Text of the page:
Once this Stay-at-Home phase is over, many of us are going to be frustrated with any weight gains from our housebound time. So I know that it will be tempting to look at diet plans as a quick and easy way to lose that extra padding. But is a quick weight loss plan really the best idea? Let’s look at this logically.
After this very stressful ordeal, our bodies are going to be drained! In fact, worry and fear reduce our immune system function. So we’ve got to be careful to boost our systems before we push the limits with diet and exercise. Think in terms of phases. We need a recuperation phase. This would focus on the boosting immune system. One step could be in increasing our intake (if it is usually too low) of vitamins D, C, and A. Best foods for these lovely vitamins would be oily fish, mushrooms, and egg yolks (vitamin D – Best source is the sun). For vitamin A, try to consume liver from clean sources, fish, cheeses, butter, dark green leafy vegetables, carrots, sweet potatoes, sweet bell peppers, etc. Vitamin C can be found in all of the above fruits and veggies as well as in citrus fruits and strawberries. This is a short and by no means exhaustive list of foods. But it will hopefully give a starting point.
If you haven’t been moving, then it’s a great time to start. Walking, workout videos, yoga routines, swimming if you have water available are all great options. We also want to make sure that we’re getting enough sleep and fluids.
Did you notice that you could already be doing a recuperation phase even though you may be housebound? So why not start out now?

What not to do is go on a Fad Diet!!
We’ve all tried them with little to no success. But before we talk about the positives and the negatives, let’s actually define a fad diet. During my research I found many definitions out there, but they all say basically the same thing:
“A fad diet is a stylish weight-loss plan that promises dramatic results. Typically these diets are not healthy and don’t result in long-term weight loss. In fact, some diets actually can be dangerous to your health.” Familydoctor.org

A few examples of such diets are: the South Beach Diet, the Zone Diet, the Cabbage Soup Diet, the Alkaline Diet, the Atkins Diet, and the Dukan diet. Each of these promise quick results and huge weight loss. They do vary on the extreme measures that the dieter must go through to stay on the diet. But they do not have long-term research to back up their nutritive claims. They also don’t take into account the personal needs of the dieter. Most importantly, they can easily lead to nutritional deficiencies.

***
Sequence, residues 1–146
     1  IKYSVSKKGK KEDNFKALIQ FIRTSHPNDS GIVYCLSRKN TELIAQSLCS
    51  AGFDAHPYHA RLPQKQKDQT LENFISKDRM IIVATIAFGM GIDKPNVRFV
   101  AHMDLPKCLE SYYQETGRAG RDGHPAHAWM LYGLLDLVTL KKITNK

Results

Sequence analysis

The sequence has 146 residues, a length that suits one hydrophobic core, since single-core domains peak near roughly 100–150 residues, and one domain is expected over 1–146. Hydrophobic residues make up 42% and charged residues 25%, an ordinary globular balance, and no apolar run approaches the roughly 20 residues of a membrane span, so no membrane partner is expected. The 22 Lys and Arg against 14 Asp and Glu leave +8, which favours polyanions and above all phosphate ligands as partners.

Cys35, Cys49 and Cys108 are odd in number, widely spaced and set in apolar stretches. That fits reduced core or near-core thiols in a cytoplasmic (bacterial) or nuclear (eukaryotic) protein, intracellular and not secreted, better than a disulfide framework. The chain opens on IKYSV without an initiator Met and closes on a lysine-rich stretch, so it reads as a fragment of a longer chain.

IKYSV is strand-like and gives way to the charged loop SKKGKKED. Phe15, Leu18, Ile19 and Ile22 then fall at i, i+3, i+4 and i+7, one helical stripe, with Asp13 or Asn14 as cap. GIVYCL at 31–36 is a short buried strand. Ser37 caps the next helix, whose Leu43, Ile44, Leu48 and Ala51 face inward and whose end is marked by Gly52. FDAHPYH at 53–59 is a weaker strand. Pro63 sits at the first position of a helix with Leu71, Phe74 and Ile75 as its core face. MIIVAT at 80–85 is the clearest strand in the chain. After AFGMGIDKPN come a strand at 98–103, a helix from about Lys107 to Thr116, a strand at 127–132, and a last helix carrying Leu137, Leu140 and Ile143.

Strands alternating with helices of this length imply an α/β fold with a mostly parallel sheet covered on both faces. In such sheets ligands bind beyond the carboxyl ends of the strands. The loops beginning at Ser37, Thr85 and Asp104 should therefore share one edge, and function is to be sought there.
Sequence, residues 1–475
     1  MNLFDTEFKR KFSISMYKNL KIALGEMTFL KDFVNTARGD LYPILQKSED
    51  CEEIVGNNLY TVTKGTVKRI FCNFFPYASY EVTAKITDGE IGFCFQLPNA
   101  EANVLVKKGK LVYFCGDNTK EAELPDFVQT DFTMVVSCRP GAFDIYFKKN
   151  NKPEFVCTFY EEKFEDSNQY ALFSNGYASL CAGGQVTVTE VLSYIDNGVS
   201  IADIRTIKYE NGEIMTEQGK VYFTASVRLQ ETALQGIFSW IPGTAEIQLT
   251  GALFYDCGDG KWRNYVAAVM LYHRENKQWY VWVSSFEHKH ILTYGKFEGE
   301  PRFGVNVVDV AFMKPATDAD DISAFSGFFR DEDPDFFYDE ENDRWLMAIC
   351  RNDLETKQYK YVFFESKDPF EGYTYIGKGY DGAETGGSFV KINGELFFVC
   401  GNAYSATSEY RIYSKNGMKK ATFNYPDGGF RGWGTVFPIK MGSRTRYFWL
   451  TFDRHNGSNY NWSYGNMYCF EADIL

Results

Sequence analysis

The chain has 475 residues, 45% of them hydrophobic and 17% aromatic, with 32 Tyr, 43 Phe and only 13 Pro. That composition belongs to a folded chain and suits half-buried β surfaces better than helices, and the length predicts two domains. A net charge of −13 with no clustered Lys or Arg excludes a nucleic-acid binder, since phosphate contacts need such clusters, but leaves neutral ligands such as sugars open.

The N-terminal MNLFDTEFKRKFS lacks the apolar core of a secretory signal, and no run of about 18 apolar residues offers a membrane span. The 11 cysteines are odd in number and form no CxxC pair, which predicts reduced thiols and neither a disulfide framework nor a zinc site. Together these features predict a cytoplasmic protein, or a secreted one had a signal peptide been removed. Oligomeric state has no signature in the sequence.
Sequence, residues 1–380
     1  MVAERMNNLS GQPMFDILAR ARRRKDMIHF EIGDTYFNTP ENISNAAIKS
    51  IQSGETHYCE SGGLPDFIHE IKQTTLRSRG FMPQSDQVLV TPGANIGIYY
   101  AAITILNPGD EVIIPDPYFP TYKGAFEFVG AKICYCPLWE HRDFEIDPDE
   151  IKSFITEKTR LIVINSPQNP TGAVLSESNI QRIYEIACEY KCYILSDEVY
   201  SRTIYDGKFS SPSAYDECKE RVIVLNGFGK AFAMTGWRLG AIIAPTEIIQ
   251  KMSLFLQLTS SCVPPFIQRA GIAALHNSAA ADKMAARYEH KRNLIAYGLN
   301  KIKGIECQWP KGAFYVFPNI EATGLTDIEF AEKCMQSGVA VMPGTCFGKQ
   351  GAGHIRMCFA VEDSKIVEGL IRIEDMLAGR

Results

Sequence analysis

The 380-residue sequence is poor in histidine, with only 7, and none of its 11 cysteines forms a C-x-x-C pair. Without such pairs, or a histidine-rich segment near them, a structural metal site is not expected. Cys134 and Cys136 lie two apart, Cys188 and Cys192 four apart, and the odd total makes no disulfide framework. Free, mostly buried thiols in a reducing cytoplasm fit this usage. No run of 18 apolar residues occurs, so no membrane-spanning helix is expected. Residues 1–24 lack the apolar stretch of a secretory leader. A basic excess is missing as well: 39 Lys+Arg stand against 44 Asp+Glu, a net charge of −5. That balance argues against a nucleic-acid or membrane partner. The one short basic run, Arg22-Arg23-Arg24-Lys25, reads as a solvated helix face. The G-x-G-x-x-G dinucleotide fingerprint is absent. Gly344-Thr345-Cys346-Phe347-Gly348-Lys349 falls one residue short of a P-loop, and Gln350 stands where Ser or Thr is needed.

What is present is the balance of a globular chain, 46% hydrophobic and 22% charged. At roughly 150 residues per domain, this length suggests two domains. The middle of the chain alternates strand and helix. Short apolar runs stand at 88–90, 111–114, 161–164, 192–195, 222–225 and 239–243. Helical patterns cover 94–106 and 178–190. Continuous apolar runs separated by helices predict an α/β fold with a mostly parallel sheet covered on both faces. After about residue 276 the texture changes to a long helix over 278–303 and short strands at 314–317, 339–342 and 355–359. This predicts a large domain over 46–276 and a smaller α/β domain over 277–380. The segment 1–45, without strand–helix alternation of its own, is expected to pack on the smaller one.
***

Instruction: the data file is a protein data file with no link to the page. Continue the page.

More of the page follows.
So let’s walk through one, we’ll just pick the Paleo Diet as an example. When you start it you may feel much more energized, and for those that don’t like bread and dairy products it can be an easy diet to follow. However, according to an Australian study at Edith Cowen University, more than one in five women experienced diarrhea while none of the control group (eating the Australian Guide to Healthy Eating diet) had any issues. There were also higher rates of fatigue and trouble sleeping in the Paleo group.

The researchers concluded that the lack of fiber was causing the digestive problems. The sleeping issues were likely brought on by the lack of dairy, a source of tryptophan which increases the sleep-inducing melatonin and seratonin.

And lastly, more than half of the Paleo group reported an increase in their grocery costs!!! For further reading, check out the full article.

“The long-term side effects of Paleo explored” FitnessFirstmag www.ffmag.com

We could go through the whole list of fad diets and find similar information about each one, because they are based on quick results rather than lifestyle changes. Here at Santé, we don’t recommend any diet plan because everyone’s needs are different. Health is never a one-size fits all. We work individually to find the diet and exercise regimens that work for you!


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